community group fighting to save an historic wooden grandstand in Golden Bay has sent the Tasman District Council a plan on how it might be kept on site at the Takaka Showgrounds.
The barrel-vaulted roofed grandstand was built in Takaka in 1899 from timber milled in the area.
The only other grandstand in New Zealand with the rare roof type is the Category 1 heritage-listed structure at Kensington Park in Whangarei.
Tasman District Council earmarked the Takaka grandstand for demolition several years ago, to make way for a carpark for a $3 million recreation centre.
The Golden Bay Grandstand Community Trust last month lost its bid for an Environment Court enforcement order prohibiting the roofed stand's removal.
A council spokesman said the legal case had cost ratepayers $130,000.
Trust member Dick Lamb said they were surprised and disappointed by the Environment Court's decision.
"The trust had two expert witnesses in the matter of heritage who presented very compelling evidence to the court ... that there were irreplaceable heritage values in the grandstand," he said.
The trust has now prepared a parking design which it said "could be actioned with a $290 building consent amendment fee, and which requires no immediate expenditure on further development or demolition".
It said it has not ruled out an appeal to the court's decision.
Golden Bay Heritage Society chairman Barry Cashman said the grandstand was a living link to the memory of ancestors who built it, and to many historic events in Takaka.
He said the court's decision was another blow for the region's heritage.
"We're ending up with very little of the old historic buildings left. It's just another one that's likely to be demolished and taken away."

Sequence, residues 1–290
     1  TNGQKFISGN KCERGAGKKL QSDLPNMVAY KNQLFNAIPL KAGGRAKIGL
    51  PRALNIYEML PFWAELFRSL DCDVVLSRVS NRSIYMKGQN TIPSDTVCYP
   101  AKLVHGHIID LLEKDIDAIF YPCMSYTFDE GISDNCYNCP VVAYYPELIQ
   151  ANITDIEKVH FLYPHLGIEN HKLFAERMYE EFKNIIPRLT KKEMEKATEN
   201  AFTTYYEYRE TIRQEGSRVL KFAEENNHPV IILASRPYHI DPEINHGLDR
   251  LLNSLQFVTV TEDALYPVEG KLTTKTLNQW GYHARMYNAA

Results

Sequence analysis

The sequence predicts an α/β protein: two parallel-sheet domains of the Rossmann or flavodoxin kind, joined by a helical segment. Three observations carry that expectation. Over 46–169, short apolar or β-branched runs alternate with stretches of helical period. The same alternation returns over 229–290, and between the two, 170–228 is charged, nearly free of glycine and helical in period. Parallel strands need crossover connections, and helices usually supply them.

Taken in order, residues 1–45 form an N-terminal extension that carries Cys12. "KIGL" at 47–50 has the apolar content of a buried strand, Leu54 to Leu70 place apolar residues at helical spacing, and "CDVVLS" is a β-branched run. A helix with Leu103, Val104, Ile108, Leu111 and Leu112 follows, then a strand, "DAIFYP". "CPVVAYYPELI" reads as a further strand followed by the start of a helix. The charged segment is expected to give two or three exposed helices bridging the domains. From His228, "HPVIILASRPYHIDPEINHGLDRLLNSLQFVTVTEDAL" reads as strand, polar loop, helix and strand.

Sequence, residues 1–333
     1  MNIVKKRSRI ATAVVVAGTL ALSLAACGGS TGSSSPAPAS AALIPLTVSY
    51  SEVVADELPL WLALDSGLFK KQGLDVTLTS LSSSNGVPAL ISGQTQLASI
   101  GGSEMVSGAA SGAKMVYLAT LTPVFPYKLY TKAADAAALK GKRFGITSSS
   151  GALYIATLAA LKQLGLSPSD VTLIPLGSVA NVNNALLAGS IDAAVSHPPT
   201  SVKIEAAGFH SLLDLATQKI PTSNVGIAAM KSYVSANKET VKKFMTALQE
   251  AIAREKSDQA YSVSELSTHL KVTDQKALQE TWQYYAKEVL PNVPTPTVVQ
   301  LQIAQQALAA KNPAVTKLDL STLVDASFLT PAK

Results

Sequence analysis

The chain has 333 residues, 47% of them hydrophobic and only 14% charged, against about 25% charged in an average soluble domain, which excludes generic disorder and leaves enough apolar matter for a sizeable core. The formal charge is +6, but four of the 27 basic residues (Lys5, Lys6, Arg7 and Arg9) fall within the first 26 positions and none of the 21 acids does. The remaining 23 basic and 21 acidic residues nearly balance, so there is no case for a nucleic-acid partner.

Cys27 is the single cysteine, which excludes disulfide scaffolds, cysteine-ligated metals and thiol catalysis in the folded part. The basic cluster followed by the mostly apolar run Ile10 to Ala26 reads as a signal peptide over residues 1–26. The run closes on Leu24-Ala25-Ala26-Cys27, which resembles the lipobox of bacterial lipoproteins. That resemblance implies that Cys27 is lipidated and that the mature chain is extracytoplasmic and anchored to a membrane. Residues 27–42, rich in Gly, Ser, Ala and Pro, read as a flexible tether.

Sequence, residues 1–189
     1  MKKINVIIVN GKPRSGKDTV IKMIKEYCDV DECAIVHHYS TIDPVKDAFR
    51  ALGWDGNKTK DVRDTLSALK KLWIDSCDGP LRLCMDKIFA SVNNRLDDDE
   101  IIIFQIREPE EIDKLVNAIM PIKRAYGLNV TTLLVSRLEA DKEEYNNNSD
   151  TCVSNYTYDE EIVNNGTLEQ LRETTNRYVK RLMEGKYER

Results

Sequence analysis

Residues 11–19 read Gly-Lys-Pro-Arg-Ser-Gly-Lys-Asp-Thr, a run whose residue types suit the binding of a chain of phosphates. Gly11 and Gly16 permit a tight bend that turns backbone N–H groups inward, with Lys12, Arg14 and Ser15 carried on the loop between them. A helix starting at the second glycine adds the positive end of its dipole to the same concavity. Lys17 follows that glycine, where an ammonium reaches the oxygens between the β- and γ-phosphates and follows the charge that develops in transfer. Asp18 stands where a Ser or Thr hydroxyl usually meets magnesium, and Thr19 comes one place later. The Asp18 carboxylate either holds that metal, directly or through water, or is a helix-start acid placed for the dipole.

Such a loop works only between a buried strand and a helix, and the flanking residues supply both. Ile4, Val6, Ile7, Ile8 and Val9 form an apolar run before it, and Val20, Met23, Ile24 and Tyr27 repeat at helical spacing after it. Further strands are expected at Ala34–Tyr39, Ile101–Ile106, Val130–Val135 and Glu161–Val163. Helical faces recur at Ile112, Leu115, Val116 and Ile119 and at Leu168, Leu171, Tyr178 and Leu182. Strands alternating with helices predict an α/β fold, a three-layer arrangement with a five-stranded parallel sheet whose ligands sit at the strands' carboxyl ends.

Heritage New Zealand declined to list the grandstand last year because of significant modifications over the years.
Its central region general manager, Claire Craig, said the structure's local heritage value had always been acknowledged, but it was unable to meet official criteria for a national listing.
"We were satisfied that there was already an adequate level of representation of the type of grandstand that Takaka is on the list," Ms Craig said.
She said the council's chief executive agreed with her evidence that the structure warranted inclusion in the local heritage list.
"This is a poignant case and it hasn't been easy for anybody. There are things that various parties regret about the passage of events. It's not a position anyone will be celebrating, really."
Council chief executive Lindsay McKenzie said the council wanted to work constructively with the trust members.
The Trust said it was pleased to have received a response from the council since submitting its latest proposal, and that a meeting between the parties might be as early as next week.
An earlier version of this story stated the Golden Bay Grandstand Community Trust had asked council to consider shifting the grandstand to another location within the Takaka Showgrounds.